Corvus validus 

Scope: Global
Language: English

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Taxonomy [top]

Kingdom Phylum Class Order Family
Animalia Chordata Aves Passeriformes Corvidae

Scientific Name: Corvus validus Bonaparte, 1851
Common Name(s):
English Long-billed Crow
Taxonomic Source(s): del Hoyo, J., Collar, N.J., Christie, D.A., Elliott, A., Fishpool, L.D.C., Boesman, P. and Kirwan, G.M. 2016. HBW and BirdLife International Illustrated Checklist of the Birds of the World. Volume 2: Passerines. Lynx Edicions and BirdLife International, Barcelona, Spain and Cambridge, UK.

Assessment Information [top]

Red List Category & Criteria: Near Threatened ver 3.1
Year Published: 2017
Date Assessed: 2016-10-01
Assessor(s): BirdLife International
Reviewer(s): Butchart, S. & Symes, A.
Contributor(s): Burung Indonesia, Bashari, B. & Mittermeier, J.
Facilitator/Compiler(s): Butchart, S., Ekstrom, J., Symes, A., Taylor, J., Westrip, J., Wheatley, H.
This species is listed as Near Threatened on the basis that projected rates of forest loss in its range are suspected to be driving a moderately rapid population decline.
Previously published Red List assessments:

Geographic Range [top]

Range Description:Corvus validus is found on the islands of Morotai, Halmahera, Kayoa, Kasiruta, Bacan and Obi, Indonesia (del Hoyo et al. 2009); although surveys on Obi in 2012 failed to find this species and interviews with local residents showed this species was unfamiliar to them (Mittermeier et al. 2013).
Countries occurrence:
Additional data:
Continuing decline in area of occupancy (AOO):Unknown
Extreme fluctuations in area of occupancy (AOO):NoEstimated extent of occurrence (EOO) - km2:66600
Continuing decline in extent of occurrence (EOO):UnknownExtreme fluctuations in extent of occurrence (EOO):No
Continuing decline in number of locations:Unknown
Extreme fluctuations in the number of locations:No
Upper elevation limit (metres):1100
Range Map:Click here to open the map viewer and explore range.

Population [top]

Population:The global population size has not been quantified, but the species is reported to be relatively numerous in forest on Halmahera (Madge and Burn 1993). A survey of Aketajawe-Lolobata National Park, Halmahera, gave a potential population estimate of c.44,000 individuals (H. Bashari in lit. 2016), but it is not certain if this is an estimated population for just Halamhera, or if it represents a global population estimate, and so this estimate is not currently used.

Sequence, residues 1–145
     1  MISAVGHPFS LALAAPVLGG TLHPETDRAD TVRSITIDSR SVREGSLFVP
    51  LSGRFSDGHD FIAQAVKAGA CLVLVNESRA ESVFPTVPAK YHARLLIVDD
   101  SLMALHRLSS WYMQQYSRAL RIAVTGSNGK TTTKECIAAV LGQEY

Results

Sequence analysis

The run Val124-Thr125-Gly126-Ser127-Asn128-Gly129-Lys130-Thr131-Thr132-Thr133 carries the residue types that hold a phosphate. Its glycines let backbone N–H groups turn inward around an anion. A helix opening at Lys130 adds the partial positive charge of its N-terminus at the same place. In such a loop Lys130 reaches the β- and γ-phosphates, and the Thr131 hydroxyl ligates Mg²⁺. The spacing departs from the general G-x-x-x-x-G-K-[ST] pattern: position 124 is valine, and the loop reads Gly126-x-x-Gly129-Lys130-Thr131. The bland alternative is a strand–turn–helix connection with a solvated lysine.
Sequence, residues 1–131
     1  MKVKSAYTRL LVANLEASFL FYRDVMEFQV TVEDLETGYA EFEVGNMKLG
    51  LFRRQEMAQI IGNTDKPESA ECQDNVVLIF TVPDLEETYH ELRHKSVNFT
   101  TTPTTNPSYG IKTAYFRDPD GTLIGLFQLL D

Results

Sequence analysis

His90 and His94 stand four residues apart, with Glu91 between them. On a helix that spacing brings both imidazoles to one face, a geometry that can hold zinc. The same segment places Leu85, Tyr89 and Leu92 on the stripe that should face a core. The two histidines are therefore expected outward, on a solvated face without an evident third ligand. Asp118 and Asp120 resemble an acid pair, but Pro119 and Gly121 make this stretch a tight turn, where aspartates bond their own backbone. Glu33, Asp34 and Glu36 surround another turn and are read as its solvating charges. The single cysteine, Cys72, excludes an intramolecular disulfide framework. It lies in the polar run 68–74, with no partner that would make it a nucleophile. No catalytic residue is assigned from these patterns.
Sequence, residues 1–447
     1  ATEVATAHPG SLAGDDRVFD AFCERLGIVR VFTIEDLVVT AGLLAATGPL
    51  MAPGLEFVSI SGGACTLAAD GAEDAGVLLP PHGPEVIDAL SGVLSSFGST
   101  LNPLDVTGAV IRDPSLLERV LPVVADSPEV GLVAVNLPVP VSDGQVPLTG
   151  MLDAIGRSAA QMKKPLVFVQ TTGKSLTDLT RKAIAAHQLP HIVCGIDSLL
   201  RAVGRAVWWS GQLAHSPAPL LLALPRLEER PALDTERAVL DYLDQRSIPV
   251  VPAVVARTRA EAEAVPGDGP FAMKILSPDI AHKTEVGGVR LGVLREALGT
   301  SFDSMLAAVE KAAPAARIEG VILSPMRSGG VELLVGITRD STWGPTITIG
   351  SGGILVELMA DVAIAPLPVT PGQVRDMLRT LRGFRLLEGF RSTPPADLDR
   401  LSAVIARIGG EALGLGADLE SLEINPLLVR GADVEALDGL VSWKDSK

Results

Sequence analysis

Trend Justification:  

A recent study by Vetter (2009) used remote sensing techniques to track the rate and spatial pattern of forest loss in the North Maluku Endemic Bird Area between 1990 and 2003, and project rates of deforestation over the next three generations for restricted range bird species found in this region. This study estimated the rate of forest loss within the geographic and elevation range of this species to be c.20.3% between 1990 and 2003, and projected the loss of c.37% of forest in its range over the next three generations (estimated to be c.22 years) (Vetter 2009). However, the species shows an apparent tolerance of modified habitats, which would be expected to buffer its population against the loss of primary habitat to some extent. Based on this, the species is suspected to be undergoing a decline of 25-29% over three generations, from 2004 until 2026.

Current Population Trend:Decreasing
Additional data:
Number of mature individuals:UnknownContinuing decline of mature individuals:Yes
Extreme fluctuations:NoPopulation severely fragmented:No
Continuing decline in subpopulations:Unknown
Extreme fluctuations in subpopulations:NoAll individuals in one subpopulation:No

Habitat and Ecology [top]

Habitat and Ecology:The species mainly inhabits primary forest and is locally found in secondary and partially logged forest, and has been recorded in agricultural areas, including plantations, grassland with trees, and in settlements on Halmahera (del Hoyo et al. 2009, H. Bashari in litt. 2016). On Halmahera it may be found from sea level to 1,100 m (H. Bashari in litt. 2016).
Continuing decline in area, extent and/or quality of habitat:Unknown
Generation Length (years):7.3
Movement patterns:Not a Migrant

Threats [top]

Major Threat(s): The primary threat to the species is habitat loss through commercial logging for timber, and clearance for shifting agriculture, mining, settlements and plantations of oil palm, coffee, rubber, coconut, clove, nutmeg and timber species (Vetter 2009, Burung Indonesia in litt. 2014, H. Bashari in litt. 2016). Another potential threat is posed by wildfires, which have devastated areas on other Indonesian islands, with the chances of such fires being increased by the conversion of forest to scrub and grassland and the opening up of forests for road construction, as well as selective logging and fragmentation (Vetter 2009).

Conservation Actions [top]

Conservation Actions: Conservation Actions Underway
There are no targeted conservation actions known for this species, but it does occur in Aketajawe-Lolobata National Park (H. Bashari in litt. 2016).

Conservation Actions Proposed
Carry out surveys to assess the species's population size. Conduct regular surveys to monitor the population trend. Track rates of habitat loss through regular studies of satellite images. Increase the area of suitable habitat with protected status.

Amended [top]

Amended reason: Map edited: Shaded Kayoa, deleted Mandioli and Bisa. EOO updated.

Citation: BirdLife International. 2017. Corvus validus (amended version of 2017 assessment). The IUCN Red List of Threatened Species 2017: e.T22705963A118785644. . Downloaded on 16 August 2018.
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